Watching a loved one go from being independent to needing help with most of their daily tasks can be incredibly challenging. Still, when you love someone, you sometimes have to make difficult decisions that you know are in their best interest. Do you have a loved one in assisted living and are worried it’s no longer the right fit for them? Keep reading to discover when to move from assisted living to memory care.
Navigating the Transition From an Assisted Living Community to Memory Care
The good news is that the transition from an assisted living community to memory care is one that the staff at any facility has been through multiple times. They know how to help their residents transition in the smoothest way possible. All that’s left is for you to know when to move from assisted living to memory care, and the answer largely depends on how much your loved one’s disease has progressed.
Understanding Dementia and Alzheimer’s Disease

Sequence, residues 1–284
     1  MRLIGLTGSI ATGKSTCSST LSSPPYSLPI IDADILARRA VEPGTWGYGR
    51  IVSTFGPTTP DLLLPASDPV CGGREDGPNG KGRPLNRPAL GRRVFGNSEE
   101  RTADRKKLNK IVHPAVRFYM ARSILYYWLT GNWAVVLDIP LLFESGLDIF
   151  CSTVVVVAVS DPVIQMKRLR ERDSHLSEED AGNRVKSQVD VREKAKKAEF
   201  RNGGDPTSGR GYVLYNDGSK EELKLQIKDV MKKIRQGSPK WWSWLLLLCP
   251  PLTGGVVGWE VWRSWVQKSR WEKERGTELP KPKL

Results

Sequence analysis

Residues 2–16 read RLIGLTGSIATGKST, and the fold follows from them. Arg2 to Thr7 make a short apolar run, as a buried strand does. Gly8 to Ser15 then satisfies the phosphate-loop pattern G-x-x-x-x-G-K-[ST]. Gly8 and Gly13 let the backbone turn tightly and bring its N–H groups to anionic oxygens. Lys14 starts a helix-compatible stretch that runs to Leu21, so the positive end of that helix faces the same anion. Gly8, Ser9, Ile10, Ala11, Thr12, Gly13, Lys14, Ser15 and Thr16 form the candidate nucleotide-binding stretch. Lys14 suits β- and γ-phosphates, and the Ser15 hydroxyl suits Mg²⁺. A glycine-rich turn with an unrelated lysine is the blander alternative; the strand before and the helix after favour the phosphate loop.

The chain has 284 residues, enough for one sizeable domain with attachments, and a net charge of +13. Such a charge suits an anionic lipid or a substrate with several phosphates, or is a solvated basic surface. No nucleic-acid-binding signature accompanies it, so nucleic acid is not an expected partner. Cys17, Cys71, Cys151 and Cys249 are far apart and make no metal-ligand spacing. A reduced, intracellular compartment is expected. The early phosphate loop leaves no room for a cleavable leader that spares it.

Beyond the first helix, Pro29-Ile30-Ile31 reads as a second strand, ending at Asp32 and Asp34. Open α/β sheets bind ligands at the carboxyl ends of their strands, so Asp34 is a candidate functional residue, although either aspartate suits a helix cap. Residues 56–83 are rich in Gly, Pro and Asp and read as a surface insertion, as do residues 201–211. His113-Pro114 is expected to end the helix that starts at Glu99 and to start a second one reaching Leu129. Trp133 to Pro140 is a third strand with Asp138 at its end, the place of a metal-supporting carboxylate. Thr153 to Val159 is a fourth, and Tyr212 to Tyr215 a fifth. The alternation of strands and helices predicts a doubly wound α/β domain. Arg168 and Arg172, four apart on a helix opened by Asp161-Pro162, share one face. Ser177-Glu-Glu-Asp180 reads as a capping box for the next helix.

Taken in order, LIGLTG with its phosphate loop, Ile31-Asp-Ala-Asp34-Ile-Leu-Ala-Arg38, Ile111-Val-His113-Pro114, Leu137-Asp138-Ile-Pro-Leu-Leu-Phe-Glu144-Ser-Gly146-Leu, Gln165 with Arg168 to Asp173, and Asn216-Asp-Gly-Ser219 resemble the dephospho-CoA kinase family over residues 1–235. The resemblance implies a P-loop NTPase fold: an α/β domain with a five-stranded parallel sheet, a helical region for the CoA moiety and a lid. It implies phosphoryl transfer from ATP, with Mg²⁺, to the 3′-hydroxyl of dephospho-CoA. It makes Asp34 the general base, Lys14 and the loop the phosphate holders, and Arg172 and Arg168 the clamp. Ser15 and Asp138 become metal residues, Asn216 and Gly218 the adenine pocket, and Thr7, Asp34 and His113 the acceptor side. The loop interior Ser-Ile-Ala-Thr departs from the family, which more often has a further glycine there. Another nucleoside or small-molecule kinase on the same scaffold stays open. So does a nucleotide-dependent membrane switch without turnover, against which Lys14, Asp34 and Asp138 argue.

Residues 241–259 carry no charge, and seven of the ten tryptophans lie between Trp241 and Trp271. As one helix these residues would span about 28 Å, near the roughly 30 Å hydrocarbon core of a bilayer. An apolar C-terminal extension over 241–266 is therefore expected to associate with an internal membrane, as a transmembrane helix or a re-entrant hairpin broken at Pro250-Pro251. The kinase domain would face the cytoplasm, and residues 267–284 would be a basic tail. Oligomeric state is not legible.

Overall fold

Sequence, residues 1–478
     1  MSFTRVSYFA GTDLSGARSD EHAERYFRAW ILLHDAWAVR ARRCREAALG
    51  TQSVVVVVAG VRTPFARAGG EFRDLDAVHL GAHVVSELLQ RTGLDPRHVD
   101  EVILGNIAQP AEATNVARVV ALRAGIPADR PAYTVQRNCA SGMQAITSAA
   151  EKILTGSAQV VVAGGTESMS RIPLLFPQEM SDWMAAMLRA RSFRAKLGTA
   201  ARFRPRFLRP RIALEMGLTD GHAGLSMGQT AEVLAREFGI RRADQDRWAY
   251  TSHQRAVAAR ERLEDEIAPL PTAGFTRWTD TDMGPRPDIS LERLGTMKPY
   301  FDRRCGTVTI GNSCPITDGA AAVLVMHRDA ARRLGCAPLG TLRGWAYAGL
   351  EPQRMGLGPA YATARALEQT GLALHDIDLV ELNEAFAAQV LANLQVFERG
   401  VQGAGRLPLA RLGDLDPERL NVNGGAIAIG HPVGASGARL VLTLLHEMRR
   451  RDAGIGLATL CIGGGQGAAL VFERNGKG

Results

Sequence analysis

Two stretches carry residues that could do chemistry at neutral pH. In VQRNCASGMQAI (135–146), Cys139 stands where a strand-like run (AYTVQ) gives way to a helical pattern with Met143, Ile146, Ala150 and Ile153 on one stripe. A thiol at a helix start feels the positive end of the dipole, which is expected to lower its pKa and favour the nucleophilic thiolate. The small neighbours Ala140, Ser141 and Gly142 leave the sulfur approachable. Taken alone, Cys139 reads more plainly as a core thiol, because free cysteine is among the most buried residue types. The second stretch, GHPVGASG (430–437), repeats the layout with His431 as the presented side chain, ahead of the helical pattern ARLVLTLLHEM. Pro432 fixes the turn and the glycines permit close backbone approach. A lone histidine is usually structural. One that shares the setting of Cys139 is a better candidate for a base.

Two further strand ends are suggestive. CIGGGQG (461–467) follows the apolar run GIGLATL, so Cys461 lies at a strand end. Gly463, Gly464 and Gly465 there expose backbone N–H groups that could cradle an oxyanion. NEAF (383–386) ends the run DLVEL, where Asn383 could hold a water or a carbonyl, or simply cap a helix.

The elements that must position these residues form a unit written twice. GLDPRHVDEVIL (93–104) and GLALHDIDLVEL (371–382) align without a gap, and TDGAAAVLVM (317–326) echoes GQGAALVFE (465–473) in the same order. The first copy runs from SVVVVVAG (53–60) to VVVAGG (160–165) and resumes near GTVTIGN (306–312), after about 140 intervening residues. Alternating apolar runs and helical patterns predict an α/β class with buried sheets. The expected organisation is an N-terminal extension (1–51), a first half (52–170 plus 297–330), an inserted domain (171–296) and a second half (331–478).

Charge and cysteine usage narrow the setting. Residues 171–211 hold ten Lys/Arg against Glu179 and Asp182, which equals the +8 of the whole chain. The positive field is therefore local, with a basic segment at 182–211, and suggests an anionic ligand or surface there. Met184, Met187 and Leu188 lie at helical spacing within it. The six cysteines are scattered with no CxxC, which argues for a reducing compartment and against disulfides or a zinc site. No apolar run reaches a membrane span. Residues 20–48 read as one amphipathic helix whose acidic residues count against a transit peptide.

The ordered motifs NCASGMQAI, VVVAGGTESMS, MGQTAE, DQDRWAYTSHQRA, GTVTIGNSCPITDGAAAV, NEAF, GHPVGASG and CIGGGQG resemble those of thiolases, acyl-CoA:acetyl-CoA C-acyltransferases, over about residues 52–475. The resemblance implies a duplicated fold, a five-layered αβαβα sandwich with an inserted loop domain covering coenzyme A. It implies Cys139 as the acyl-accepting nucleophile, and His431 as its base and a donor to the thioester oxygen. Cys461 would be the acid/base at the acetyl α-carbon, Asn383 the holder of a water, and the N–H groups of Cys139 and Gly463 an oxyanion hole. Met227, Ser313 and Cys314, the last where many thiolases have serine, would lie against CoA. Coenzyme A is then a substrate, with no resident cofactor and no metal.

Dementia and Alzheimer’s disease impact a person’s memory, thoughts and language processing. Often, a person with dementia will struggle with learning, thinking, reasoning and remembering. Over time, dementia can worsen. It’s essential family members keep an eye on their loved ones for signs of dementia worsening so they can determine when the individual needs more support with their day-to-day activities.
Early Stages and Signs of Cognitive Decline
Some of the early signs of cognitive decline in patients with dementia are:
- Difficulty performing regular tasks
- Increased memory loss, especially around information just learned
- Challenges performing essential daily tasks (cooking, self-care, taking prescriptions, etc.)
- Challenges with language (remembering names, places, words)
- Frequent confusion around time and place
- Questionable decision-making